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The origin of the derogatory usage of Guido

Guido: is a slang term, often derogatory, for a working-class urban Italian American. The guido stereotype is multi-faceted. Originally, it was used as a demeaning term for Italian ...
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Trump and Trumpery

Reading "Trumpery - A Twitter meme caused lookups to spike" on M-W got me wondering about Trump and Trumpery. I meant about the words itself and not about candidate Donald Trump's qualities. Trump ...
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Does the word 'fascism' come from emulating the Romans? [closed]

I saw this quote: A lot of Fascism was based on emulating the Romans, whose ruins are famous. It's right there in the name, taken from fasces. For context, this was a reply to the observation: ...
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Where does the phrase “wild horses won't keep me away” come from

I've heard the phrase "wild horses won't keep me away", as is if wild horses were dragging me away, I wouldn't be kept from going where I was going. Where does this come from?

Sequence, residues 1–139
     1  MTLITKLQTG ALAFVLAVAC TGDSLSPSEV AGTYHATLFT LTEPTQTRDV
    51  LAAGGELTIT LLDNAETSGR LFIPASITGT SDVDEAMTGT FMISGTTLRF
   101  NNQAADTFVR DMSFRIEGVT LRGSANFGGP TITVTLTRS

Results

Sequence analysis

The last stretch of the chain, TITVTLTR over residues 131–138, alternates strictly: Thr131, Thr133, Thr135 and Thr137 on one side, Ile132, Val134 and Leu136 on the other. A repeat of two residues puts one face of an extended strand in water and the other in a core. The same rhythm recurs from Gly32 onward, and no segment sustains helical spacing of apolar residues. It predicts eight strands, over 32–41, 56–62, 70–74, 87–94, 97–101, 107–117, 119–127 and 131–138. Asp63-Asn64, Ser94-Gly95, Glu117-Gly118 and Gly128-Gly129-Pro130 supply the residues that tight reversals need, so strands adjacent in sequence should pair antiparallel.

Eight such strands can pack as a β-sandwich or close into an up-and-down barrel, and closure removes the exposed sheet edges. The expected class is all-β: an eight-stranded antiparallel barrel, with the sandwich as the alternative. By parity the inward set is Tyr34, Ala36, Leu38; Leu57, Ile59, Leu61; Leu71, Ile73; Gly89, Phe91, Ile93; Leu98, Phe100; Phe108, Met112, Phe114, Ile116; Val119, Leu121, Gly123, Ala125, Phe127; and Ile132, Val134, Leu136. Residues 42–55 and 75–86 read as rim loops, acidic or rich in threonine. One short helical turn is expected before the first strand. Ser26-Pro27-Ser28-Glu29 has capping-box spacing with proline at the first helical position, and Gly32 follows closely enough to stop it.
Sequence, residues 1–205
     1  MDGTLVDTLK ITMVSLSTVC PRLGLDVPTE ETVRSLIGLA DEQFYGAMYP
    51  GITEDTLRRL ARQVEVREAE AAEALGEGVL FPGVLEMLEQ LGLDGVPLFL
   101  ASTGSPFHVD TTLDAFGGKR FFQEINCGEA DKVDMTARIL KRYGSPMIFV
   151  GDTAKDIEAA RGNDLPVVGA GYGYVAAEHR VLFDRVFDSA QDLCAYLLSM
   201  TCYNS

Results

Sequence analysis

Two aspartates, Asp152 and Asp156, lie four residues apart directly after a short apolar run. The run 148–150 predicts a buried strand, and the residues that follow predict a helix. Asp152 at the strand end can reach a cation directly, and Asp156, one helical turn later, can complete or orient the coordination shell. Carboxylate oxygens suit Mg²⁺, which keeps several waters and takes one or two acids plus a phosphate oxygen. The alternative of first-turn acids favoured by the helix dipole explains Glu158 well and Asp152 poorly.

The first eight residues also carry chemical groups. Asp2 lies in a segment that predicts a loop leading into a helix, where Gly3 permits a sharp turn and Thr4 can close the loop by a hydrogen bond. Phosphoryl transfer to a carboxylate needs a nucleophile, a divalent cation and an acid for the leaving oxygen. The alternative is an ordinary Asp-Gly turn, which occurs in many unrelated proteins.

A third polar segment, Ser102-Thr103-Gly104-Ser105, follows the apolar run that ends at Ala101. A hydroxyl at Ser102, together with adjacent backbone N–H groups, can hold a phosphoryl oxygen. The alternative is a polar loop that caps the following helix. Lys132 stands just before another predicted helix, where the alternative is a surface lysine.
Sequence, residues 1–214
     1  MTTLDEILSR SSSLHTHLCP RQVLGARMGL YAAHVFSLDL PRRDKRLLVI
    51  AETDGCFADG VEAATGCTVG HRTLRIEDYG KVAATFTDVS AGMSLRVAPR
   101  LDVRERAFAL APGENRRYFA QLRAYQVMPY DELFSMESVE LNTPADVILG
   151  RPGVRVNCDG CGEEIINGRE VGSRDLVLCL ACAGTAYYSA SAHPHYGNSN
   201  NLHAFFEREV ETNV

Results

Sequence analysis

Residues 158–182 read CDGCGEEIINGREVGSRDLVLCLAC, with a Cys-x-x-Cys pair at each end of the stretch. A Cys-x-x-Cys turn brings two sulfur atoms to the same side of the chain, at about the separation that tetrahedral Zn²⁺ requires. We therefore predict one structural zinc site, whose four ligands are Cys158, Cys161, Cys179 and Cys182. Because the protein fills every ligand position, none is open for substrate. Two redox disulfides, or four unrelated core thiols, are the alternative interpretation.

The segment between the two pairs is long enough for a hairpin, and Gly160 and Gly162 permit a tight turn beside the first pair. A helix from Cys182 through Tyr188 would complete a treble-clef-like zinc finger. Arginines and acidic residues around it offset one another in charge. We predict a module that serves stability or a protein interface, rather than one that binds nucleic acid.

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Etymology of “Run of Text”?

This is somewhat of a stackoverflow cross-over. In WPF programming, there is something called a Run. It is "intended to contain a run of formatted or unformatted text". Is "run of text" a phrase that ...
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The Word Bastard - Origin and Meaning [closed]

How offensive is the word Bastard? And when did it become more of an offense than a term used for child out of wedlock?
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What is “pishantosh”?

I found the word in Heinlein's "Friday": I apologized, saying that there was no excuse for me to be sleepy since it was still early evening by the zone where I had started the day. Janet said ...
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Is 'stewer' a proper English word?

My mother used the word 'stewer' to refer to the pot that you cook stew in, but I have only rarely seen it used this way. Can you tell me what the origin is of this usage?
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What is the origin of “smell a rat”? [closed]

So an idiom, "to smell a rat," means to suspect trickery or deception. Where does that come from?
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What is the word origin for “ortho-,” “meta-,” and “para-” in chemistry?

The prefix "ortho-" means straight or right; "meta-" means beyond or after; "para-" means beside or along. How, then, did ortho-, meta- and para- come to refer to the carbon positions one, two, and ...
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Does the use of the symbol slash for “or” come from the use of “|” in computer programming? [closed]

Does the rise of acceptance in "/" for "or" come from the use of "|" in computer programming (For "OR")? If not is there any correlation?